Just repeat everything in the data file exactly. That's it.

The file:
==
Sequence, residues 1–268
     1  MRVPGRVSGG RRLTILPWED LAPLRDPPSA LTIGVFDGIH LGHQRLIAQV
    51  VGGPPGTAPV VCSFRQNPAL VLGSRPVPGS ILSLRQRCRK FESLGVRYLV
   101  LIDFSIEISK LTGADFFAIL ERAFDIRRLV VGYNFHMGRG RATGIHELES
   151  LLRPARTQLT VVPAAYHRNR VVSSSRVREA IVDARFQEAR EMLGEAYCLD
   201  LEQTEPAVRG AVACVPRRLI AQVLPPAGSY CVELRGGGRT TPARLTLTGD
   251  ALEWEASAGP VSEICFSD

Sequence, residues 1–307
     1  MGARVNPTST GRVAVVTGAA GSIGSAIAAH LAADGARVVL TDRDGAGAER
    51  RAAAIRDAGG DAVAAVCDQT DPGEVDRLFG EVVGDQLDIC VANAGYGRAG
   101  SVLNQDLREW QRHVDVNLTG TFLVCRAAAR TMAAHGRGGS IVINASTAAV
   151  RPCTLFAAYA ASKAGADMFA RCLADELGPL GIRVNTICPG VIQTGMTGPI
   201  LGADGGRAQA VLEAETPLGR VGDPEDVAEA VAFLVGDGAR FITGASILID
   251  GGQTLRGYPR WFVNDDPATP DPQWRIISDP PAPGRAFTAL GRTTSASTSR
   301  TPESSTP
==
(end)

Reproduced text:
Sequence, residues 1–268
     1  MRVPGRVSGG RRLTILPWED LAPLRDPPSA LTIGVFDGIH LGHQRLIAQV
    51  VGGPPGTAPV VCSFRQNPAL VLGSRPVPGS ILSLRQRCRK FESLGVRYLV
   101  LIDFSIEISK LTGADFFAIL ERAFDIRRLV VGYNFHMGRG RATGIHELES
   151  LLRPARTQLT VVPAAYHRNR VVSSSRVREA IVDARFQEAR EMLGEAYCLD
   201  LEQTEPAVRG AVACVPRRLI AQVLPPAGSY CVELRGGGRT TPARLTLTGD
   251  ALEWEASAGP VSEICFSD

Sequence, residues 1–307
     1  MGARVNPTST GRVAVVTGAA GSIGSAIAAH LAADGARVVL TDRDGAGAER
    51  RAAAIRDAGG DAVAAVCDQT DPGEVDRLFG EVVGDQLDIC VANAGYGRAG
   101  SVLNQDLREW QRHVDVNLTG TFLVCRAAAR TMAAHGRGGS IVINASTAAV
   151  RPCTLFAAYA ASKAGADMFA RCLADELGPL GIRVNTICPG VIQTGMTGPI
   201  LGADGGRAQA VLEAETPLGR VGDPEDVAEA VAFLVGDGAR FITGASILID
   251  GGQTLRGYPR WFVNDDPATP DPQWRIISDP PAPGRAFTAL GRTTSASTSR
   301  TPESSTP